Home Credit

It’s been a long time since I carried cash. And more importantly, regretted that decision. Recently, with iPay introduction, perhaps even carrying a piece of plastic in one’s pocket will go the way of the Dodo. What hasn’t kept up with the times, at least to my knowledge, is the allowance economy between parents and kids. Kids still receive mostly cash for helping with chores or when they’re remitted tooth credits from fairies, etc. Why isn’t there, or perhaps I should ask, is there an easy payment system, which resembles credit cards, which parents could and would want to issue to their kids?

Wouldn’t it be great to have an Allowance Card, which would act like a secured credit card? Parents could easily add funds, kids could only use them with parental consent and perhaps there could be a way to restrict/control which merchants kids could shop from. This way, at an early age, we start teaching our kids how to manage a credit card account, which is not at all similar to the cash they’re first exposed to.

There are many issues here that I’m choosing to ignore, like privacy, security, accessibility, fees – the list goes on. But, I know that my daughter will likely use cash far less than I do, which is rare already, and that I lack a solid teaching tool to prepare her for the real economy.

Working On The Go

I’ve recently tried going cold turkey – traveling for business without a laptop – accompanied with just a smartphone and tablet of the common fruit variety (hint, hint). This left me feeling liberated on one hand from lugging a lot of heavy, bulky and power hungry hardware, but, on the other hand, with a sense that I was missing a lot of functionality. The basics of communication are covered, email, text, social media sites, all play very well in the tablet and smartphone arena. The coolness, newness, hype, call it what you will factor of purely using tablets and smartphones is still present but fading fast. So, essentially, what you’re left is a sinking realization that your laptop is not going away soon after all. I was still reaching for a “ghost” mouse and pulling my hair in frustration while trying to edit what seemed a simple spreadsheet. I found creating a diagram, despite the help from some polished apps, to be simply too laborious.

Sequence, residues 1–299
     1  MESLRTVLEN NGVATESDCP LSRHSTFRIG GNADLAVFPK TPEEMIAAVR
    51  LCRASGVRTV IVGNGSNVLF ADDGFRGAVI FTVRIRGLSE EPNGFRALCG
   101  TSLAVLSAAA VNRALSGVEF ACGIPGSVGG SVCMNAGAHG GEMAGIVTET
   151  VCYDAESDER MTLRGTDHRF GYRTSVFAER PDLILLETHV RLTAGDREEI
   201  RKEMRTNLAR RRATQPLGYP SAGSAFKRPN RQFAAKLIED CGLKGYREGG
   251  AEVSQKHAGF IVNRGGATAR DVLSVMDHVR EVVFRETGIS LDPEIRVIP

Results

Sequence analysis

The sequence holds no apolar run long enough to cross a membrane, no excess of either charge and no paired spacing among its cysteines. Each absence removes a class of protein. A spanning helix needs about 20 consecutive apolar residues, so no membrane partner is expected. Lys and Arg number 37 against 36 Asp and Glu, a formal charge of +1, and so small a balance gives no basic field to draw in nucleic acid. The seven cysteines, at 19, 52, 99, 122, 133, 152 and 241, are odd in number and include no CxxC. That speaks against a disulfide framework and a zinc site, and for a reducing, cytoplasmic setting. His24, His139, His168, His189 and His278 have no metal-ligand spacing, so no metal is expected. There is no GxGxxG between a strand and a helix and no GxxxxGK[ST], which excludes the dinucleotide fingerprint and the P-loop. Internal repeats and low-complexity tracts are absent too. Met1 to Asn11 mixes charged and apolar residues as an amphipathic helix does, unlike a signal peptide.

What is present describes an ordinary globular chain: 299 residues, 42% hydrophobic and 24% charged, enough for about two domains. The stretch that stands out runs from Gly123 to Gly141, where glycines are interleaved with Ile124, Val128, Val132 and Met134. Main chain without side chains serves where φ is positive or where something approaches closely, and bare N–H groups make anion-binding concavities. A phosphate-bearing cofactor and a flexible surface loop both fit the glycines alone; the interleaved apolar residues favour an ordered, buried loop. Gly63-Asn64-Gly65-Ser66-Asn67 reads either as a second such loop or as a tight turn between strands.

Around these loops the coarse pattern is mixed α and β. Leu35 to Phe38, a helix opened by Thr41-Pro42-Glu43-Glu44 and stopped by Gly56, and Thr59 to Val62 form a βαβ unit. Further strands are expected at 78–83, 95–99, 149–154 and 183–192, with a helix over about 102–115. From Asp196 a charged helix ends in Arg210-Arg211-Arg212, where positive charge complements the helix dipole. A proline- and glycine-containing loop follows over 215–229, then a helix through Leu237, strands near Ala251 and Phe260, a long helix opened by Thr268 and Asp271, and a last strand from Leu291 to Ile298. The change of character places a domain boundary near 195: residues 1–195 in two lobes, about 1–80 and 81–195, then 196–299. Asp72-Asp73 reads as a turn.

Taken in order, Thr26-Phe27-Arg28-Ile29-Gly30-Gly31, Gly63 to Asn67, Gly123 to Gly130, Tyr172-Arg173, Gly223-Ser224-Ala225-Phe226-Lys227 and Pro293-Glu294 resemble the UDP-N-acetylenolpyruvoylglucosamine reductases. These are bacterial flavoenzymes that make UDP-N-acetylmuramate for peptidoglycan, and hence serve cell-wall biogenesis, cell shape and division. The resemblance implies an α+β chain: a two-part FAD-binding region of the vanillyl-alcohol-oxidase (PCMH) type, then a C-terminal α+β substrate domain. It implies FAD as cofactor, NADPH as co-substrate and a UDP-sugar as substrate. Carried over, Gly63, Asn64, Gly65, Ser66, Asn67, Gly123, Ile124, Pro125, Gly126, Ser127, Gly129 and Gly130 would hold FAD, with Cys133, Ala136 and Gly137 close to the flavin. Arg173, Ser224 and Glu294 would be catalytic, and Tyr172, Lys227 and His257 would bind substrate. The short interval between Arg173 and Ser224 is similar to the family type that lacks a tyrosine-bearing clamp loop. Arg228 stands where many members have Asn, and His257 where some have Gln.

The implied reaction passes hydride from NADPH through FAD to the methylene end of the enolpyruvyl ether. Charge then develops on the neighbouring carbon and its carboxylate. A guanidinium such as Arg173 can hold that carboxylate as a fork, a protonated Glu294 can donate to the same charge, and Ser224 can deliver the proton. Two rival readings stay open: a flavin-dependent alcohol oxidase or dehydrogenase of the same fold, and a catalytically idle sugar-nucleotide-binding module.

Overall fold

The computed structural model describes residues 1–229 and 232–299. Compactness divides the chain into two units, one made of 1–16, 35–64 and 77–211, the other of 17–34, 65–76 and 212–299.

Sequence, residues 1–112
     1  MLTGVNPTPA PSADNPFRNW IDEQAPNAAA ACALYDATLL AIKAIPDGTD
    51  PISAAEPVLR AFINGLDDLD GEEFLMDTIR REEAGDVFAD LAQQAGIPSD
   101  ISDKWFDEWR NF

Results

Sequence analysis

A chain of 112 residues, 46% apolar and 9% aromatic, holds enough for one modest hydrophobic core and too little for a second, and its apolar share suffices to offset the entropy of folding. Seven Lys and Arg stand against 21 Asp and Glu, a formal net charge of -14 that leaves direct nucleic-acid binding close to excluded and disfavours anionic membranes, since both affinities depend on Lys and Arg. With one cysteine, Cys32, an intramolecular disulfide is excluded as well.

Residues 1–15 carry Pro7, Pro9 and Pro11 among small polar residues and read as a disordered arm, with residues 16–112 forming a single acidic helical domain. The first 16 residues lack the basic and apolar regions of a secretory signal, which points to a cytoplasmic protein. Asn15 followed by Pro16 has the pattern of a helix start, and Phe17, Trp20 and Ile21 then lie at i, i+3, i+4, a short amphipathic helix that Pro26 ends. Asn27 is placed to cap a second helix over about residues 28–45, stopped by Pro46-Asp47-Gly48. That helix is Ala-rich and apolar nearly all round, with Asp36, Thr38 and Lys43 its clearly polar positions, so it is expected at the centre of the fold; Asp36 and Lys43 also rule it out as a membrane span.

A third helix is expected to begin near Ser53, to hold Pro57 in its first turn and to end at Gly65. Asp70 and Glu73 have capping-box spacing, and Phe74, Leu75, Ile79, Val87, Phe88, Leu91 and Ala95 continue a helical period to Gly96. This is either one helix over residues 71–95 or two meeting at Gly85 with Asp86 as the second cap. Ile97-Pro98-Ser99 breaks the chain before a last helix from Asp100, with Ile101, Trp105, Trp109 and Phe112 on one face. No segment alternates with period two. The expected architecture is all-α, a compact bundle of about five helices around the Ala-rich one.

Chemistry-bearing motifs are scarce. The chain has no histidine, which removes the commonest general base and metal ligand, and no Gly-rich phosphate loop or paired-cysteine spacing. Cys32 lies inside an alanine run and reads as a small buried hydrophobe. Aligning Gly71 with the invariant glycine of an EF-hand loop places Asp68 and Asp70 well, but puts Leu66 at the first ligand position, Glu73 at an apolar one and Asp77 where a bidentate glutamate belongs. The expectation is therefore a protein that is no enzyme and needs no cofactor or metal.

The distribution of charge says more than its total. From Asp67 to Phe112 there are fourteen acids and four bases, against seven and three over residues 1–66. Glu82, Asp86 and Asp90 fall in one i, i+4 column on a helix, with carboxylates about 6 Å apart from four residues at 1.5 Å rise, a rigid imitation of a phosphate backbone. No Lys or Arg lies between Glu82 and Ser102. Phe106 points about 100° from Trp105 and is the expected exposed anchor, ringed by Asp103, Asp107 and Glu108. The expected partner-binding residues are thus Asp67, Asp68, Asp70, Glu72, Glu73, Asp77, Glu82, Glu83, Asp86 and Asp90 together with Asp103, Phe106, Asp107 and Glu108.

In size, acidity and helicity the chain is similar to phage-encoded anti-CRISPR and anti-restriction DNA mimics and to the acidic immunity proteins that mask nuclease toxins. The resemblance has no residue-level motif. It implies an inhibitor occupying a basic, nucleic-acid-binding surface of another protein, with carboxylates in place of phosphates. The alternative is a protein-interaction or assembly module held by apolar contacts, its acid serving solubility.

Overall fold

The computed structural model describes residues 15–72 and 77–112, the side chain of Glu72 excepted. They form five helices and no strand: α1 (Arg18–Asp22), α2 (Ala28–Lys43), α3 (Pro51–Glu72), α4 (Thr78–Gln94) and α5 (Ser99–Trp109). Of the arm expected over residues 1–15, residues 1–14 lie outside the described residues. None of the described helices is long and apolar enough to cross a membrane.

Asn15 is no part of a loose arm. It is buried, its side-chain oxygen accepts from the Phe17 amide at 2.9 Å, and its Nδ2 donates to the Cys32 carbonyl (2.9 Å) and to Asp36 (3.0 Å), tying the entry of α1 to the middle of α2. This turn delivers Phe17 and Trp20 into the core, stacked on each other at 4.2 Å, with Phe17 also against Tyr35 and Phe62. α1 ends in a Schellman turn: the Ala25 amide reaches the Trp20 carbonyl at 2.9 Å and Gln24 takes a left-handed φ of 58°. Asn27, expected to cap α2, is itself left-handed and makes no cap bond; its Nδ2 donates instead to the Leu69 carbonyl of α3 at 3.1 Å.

Conclusion. Traveling for business without your trusty laptop, mouse, and a suite of your favorite desktop software is like arriving at a vacation destination only to learn that the airline lost your luggage. Yes, off course, you will still get through it and have a solid time. But, you will be reminded, constantly, that you’re missing some comfy essentials that you’re just too used to, perhaps even slightly dependent on.


A few years ago, I found myself within a PMO of a large corporation struggling to defend my Calendar from the onslaught of daily meetings, many of which lacked a proper agenda, often inviting too broad of an audience and produced little in the way of decisions of the kind that could move an issue closer to its resolution.  The status quo was difficult to break – if you plainly ignored them, meetings would get rescheduled, if you tried to rush them along, they only got more heated and lasted even longer.

It was during this time that I created a mobile application, Price2Meet, to draw attention to this problem.  The concept was simple – Price2Meet was a kind of a meter, not unlike the one used by Taxis, clearly displaying the real cost of each meeting.  After all, meetings could and did starve time away from other activities.  I felt, perhaps naively, that Price2Meet app would spur the kind of meeting diet that would result in leaner projects, higher productivity, less noisy and more conscious communication.  Sadly, I overestimated the popularity and the ability of Price2Meet to become such a change agent.

Nonetheless, Price2Meet is still available for download on the Apple App Store.   Get your free download now and start cutting back on the cost of your meetings.